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Season Review: Infielders


We’ve already covered the catchers, so it only makes sense to do the infielders next. And if I’m about anything, it’s making sense.

Justin Morneau

Despite being lost for the season in July, Morneau managed to still lead the team in fWAR. Now, it was just .2 ahead of Joe Mauer and neither WAR is a precise instrument, and it presupposes that Morneau is a +20ish fielder. Morneau has really improved his glove – to the point where he is one of the top 5 or so guys out there, but he is not at all a +20ish fielder. Still, his bat provided 35 runs, and that led the team. It was also 3rd in the league amongst 1B. For a half season. I used to think Justin Morneau was the most overrated player in baseball, but it appears he is making the leap.

Orlando Hudson

Erin already covered it, so hooray for plagiarism:

"Hudson batted .268/.338/.372 and provided excellent defense, with a league-leading 9.8 UZR at second base, and saving 17 runs for the Twins this season (he also finished second in voting for the Fielding Bible Awards). O-Dog will probably seek a multi-year deal, something the Twins should be hesitant to hand out given his age and declining on-base percentage"

The Twins likely won’t offer him a contract, which is fine given their budget constraints, but Hudson did everything asked of him in 2010.

Alexi Casilla

The man inheriting Hudson’s 2B position seems like a  youngster, but he will actually be 27 next year. Casilla pretty much is what he is at this point: an “eh” hitter and a very good fielder. UZR doesn’t like his glove much but that’s its fault, not Casilla’s. Another thing I’ve always liked about Casilla is his ability to have good at bats. He has no power, but he still has the ability to lengthen ABs by fouling pitches off. Oddly enough his walk rates have never been very high, though I am hoping that irregular playing time has to do with that somewhat.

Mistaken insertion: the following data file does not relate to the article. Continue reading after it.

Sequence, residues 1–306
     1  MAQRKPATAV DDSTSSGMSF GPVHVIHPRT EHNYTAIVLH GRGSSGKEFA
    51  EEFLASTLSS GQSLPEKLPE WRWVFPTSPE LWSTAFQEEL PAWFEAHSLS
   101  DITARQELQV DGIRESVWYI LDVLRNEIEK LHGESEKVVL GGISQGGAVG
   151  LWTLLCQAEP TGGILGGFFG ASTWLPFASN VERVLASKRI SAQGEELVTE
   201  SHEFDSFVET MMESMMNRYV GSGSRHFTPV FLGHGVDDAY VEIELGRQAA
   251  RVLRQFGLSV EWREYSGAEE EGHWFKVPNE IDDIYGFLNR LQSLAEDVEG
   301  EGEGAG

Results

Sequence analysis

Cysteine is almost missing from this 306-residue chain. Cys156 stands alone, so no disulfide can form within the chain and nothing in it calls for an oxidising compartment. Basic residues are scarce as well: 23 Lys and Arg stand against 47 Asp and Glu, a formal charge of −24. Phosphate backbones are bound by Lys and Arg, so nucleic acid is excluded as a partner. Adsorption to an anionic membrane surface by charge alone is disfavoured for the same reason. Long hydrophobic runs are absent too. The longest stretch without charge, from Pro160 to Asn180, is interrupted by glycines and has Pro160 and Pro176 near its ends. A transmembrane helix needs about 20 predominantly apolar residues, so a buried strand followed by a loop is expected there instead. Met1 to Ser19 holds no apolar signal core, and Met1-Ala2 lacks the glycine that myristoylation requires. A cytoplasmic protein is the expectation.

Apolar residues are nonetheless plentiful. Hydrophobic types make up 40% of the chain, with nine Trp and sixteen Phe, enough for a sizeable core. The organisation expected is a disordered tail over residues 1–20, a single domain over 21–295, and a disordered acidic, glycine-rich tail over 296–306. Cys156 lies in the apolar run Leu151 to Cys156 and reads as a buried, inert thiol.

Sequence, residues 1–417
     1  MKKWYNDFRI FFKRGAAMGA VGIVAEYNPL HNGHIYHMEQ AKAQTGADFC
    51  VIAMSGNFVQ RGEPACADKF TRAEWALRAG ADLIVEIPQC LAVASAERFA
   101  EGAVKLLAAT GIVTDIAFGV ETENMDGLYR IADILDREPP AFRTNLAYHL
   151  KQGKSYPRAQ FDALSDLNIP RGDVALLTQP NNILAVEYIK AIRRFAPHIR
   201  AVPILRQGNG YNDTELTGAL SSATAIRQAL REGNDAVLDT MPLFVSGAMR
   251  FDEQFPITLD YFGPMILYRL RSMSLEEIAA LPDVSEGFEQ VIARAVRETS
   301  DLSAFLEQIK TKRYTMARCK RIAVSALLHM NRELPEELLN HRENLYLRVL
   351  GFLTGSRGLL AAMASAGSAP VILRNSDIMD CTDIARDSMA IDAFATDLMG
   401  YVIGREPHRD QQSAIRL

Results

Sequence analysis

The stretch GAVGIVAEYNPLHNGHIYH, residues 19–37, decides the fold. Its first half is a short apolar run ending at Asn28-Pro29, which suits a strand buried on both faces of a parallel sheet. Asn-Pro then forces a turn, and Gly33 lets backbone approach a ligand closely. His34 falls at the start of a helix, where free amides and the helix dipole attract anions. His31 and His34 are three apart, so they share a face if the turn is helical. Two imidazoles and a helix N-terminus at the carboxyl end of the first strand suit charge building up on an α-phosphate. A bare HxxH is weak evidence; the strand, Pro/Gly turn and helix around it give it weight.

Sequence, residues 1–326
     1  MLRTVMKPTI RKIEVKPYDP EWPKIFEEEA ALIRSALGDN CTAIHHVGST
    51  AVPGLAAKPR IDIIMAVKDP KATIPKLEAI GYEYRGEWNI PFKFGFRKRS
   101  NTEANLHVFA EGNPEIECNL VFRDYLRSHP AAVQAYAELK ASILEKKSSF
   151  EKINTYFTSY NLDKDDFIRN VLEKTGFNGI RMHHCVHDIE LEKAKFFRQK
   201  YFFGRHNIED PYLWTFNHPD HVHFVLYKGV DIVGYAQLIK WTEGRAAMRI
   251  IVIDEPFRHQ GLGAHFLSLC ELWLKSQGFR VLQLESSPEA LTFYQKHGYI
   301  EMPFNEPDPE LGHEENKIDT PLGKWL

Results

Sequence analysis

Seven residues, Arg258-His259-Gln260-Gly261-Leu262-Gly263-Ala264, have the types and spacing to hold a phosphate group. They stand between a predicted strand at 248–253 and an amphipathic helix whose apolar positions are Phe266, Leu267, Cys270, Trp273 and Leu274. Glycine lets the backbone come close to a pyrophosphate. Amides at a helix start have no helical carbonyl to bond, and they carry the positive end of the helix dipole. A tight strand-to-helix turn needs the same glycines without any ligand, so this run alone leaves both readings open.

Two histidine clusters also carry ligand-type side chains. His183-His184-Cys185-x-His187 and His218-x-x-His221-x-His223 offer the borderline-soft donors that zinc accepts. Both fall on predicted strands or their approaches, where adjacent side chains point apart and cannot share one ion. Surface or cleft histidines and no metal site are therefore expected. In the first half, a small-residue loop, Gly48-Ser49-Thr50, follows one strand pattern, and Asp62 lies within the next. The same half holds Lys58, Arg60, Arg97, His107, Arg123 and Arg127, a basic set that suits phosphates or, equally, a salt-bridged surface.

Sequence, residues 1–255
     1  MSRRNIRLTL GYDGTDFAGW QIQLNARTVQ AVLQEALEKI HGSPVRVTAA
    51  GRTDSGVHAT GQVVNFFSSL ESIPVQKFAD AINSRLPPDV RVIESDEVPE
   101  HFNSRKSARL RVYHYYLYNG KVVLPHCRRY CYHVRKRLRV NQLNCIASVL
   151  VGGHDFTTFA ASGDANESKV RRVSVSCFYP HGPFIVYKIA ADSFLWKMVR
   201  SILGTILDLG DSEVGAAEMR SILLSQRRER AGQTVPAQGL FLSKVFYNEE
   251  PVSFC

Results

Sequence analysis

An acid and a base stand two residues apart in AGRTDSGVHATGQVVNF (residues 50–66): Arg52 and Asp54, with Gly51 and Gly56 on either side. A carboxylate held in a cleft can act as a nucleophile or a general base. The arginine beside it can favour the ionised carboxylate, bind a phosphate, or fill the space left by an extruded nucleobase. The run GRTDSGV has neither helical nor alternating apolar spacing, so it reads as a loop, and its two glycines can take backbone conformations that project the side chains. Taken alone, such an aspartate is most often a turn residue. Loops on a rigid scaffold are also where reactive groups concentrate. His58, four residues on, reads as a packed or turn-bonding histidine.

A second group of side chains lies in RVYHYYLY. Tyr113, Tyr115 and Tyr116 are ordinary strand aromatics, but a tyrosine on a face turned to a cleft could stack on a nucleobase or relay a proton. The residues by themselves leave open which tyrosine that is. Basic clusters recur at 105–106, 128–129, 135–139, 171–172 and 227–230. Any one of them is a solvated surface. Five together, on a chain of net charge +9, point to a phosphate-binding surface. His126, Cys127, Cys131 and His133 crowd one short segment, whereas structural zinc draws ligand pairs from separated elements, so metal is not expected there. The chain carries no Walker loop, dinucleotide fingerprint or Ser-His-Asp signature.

JJ Hardy

Hardy appears to be a non-tender candidate, but if the Twins have playoff aspirations next year, they need to bring him back. He wasn’t phenomenal this year, with a bit below average bat (96 wRC+), but he would easily be the best free agent shortstop around, and even if you pencil him in for 2 fWAR next year (he was at 2.4 this year), he would be worth the 5.5 million or so he would likely make in arbitration.

Danny Valencia

Is it possible I was wrong about Valencia? Perhaps, though I do think it is extremely likely that 2010 will be the best year of his career. He had a .351 wOBA built largely on a BABIP driven .311 batting average. He had a good linedrive rate, but his offensive numbers are always going to be driven by BABIP given his relative lack of power. He actually had a nice power spike at the end of the year and ended up with 7 homers in 322 PA, but he will always be more of a singles hitter. Defensively, Valencia was a +6 with the glove, which may be correct, but we will have to wait and see in that regard. His range doesn’t strike me as phenomenal, but his great arm allows him to play deeper than most ML third basemen.